# Prove that the polar lines of three points outside a circle $C$, are concurrent if and only if the three points are colinear.

I want to know if the first part of my prove (the "if" part) is right. If not, could you show my mistakes please? Let the circle $$C$$ be given by the equation $$C: (\mathbf{x}-\mathbf{c})\cdot (\mathbf{x}-\mathbf{c})=r^2,$$ where $$\mathbf{c}$$ is the center of the circle and $$r$$ the radius. A line in its parametric form can be given by $$L= \{\mathbf{u}t + \mathbf{d} |t \in\mathbb{R}\}$$ Therefore, if we choose two points in the line $$L$$ with values $$t$$ equal to $$s$$ and $$f$$, the polar lines of the points are
$$S: (\mathbf{u}s + \mathbf{d}- \mathbf{c}) \cdot (\mathbf{x} - \mathbf{c}) = r^2,$$ $$F: (\mathbf{u}f + \mathbf{d}- \mathbf{c}) \cdot (\mathbf{x} - \mathbf{c}) = r^2 .$$ By substracting the two equations, we obtain $$(\mathbf{x} - \mathbf{c})\cdot((\mathbf{u}s + \mathbf{d}- \mathbf{c}) - (\mathbf{u}f + \mathbf{d}- \mathbf{c})) = 0$$ $$(\mathbf{x} - \mathbf{c})\cdot (s-f)\mathbf{u} = (\mathbf{x} - \mathbf{c}) \cdot \mathbf{u} = 0,$$ which is the equation of the line normal to $$L$$, and passing through the center of the circle $$\mathbf{c}$$, let this line be $$R$$. Since the values of $$s$$ and $$f$$ are arbitrary, let $$s$$ fixed and vary $$f$$, therefore the polar lines of the points of the form $$\mathbf{u}f + \mathbf{d}- \mathbf{c}$$ must past through the intersection of $$S$$ and $$R$$, in other words, they are concurrent.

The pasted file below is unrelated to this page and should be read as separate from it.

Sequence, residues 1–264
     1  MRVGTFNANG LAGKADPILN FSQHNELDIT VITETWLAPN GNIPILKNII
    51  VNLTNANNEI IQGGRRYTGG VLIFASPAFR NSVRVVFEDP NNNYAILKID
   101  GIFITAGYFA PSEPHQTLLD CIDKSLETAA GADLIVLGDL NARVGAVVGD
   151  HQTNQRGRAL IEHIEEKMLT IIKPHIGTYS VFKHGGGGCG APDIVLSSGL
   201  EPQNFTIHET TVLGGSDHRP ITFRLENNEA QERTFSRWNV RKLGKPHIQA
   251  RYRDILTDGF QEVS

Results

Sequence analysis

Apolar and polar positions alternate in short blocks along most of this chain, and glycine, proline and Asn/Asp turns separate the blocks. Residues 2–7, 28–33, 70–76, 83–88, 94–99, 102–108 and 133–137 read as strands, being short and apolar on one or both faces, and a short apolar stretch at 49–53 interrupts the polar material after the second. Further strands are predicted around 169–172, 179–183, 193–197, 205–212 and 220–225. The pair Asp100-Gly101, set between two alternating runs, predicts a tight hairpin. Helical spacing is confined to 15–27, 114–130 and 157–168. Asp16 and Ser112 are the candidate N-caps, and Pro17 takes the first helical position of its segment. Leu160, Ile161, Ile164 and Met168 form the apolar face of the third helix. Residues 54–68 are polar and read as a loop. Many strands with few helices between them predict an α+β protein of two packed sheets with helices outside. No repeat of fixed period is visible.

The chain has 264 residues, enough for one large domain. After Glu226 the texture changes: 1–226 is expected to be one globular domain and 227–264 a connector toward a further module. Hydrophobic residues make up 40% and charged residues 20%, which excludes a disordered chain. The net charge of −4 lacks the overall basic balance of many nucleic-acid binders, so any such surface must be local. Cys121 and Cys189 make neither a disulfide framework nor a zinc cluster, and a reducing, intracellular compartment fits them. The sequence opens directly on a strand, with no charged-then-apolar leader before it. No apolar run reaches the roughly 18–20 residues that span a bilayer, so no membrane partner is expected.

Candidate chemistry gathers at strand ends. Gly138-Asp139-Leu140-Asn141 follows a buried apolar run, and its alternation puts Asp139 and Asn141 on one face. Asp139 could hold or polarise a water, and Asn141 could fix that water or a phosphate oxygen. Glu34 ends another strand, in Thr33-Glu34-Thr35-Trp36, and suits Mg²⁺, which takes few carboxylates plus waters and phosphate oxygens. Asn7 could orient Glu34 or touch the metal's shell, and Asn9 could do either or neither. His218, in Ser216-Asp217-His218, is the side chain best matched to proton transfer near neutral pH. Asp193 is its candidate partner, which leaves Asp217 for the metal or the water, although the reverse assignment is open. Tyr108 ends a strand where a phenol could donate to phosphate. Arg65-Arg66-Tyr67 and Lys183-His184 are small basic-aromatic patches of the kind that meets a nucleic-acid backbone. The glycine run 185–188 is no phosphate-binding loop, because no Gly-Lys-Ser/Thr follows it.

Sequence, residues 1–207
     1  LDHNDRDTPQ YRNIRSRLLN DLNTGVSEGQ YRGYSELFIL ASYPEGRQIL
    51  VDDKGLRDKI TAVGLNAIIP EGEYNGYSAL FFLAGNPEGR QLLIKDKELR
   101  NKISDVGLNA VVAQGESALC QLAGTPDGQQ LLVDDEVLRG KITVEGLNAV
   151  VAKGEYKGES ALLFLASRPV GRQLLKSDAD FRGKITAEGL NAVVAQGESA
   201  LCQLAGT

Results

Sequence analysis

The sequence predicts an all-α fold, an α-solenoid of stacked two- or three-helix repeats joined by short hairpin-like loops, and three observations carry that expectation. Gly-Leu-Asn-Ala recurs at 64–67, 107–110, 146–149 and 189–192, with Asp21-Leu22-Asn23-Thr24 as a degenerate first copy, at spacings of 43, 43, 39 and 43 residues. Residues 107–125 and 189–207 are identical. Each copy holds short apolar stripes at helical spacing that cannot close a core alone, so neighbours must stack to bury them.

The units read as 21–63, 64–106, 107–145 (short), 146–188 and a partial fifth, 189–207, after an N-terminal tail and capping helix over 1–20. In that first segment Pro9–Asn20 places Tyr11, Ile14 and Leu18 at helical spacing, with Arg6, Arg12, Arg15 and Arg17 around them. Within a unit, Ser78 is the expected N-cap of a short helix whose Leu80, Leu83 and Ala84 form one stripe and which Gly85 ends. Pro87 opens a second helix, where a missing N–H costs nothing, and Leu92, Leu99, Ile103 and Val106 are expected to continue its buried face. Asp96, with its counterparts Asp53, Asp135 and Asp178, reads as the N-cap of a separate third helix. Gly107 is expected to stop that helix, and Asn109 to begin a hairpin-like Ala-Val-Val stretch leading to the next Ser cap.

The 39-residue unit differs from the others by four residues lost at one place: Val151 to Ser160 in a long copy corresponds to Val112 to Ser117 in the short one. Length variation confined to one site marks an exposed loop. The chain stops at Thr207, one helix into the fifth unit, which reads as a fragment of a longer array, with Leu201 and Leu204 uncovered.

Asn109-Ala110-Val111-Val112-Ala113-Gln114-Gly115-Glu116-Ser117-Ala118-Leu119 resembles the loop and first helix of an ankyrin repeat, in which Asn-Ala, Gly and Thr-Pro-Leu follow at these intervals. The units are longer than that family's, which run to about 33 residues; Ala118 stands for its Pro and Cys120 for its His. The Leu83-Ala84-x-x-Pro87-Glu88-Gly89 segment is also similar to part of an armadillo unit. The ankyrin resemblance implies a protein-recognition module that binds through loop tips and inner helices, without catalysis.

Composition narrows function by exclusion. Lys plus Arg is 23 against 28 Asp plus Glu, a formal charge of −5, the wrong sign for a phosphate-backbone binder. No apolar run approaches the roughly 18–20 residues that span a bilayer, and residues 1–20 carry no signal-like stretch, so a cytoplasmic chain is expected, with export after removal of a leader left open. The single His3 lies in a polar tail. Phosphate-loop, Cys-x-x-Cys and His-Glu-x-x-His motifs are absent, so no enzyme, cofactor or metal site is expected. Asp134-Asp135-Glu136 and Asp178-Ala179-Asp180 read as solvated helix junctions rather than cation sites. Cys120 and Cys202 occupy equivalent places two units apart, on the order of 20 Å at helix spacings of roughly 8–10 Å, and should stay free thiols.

The polar line of the point C is the red one

• You were doing find until the end. Although the intersection of the two polars that you’ve constructed does lie on $R$, it’s not the intersection of $L$ and $R$. Indeed, this point lies in the interior of the circle. – amd May 2 '18 at 6:22
• Is it correct now? – Pepe Pérez May 2 '18 at 14:43

Let $\mathbf p$ and $\mathbf q$ be two distinct points exterior to $C$. Every point $\mathbf r$ colinear with them can be written in the form $(1-\lambda)\mathbf p+\lambda\mathbf q$ for some $\lambda\in\mathbb R$. An equation of the polar line of $\mathbf r$ is $$\left((1-\lambda)\mathbf p+\lambda\mathbf q-\mathbf c\right)\cdot(\mathbf x-\mathbf c)-r^2 = 0.$$ The left-hand side can be rewritten as $$(1-\lambda)[(\mathbf p-\mathbf c)\cdot(\mathbf x-\mathbf c)-r^2]+\lambda[(\mathbf q-\mathbf c)\cdot(\mathbf x-\mathbf c)-r^2],$$ so it is a linear combination of equations for the polars of $\mathbf p$ and $\mathbf q$, therefore passes through their intersection.
If you’re familiar with projective geometry and determinants, this property of pole/polar relationships is pretty much a direct consequence of the definitions. Both colinearity and concurrence can be defined by $\det\small{\begin{bmatrix}a&b&c\end{bmatrix}}=0$. If $C$ is the matrix of a non-degenerate conic, the polar of a point $\mathbf p$ is $C\mathbf p$ and the pole of a line $\mathbf l$ is $C^{-1}\mathbf l$. However, for any matrix $M$, $\det\small{\begin{bmatrix}Ma&Mb&Mc\end{bmatrix}} = \det(M) \det\small{\begin{bmatrix}a&b&c\end{bmatrix}}$, so three points are colinear iff their polar lines are concurrent.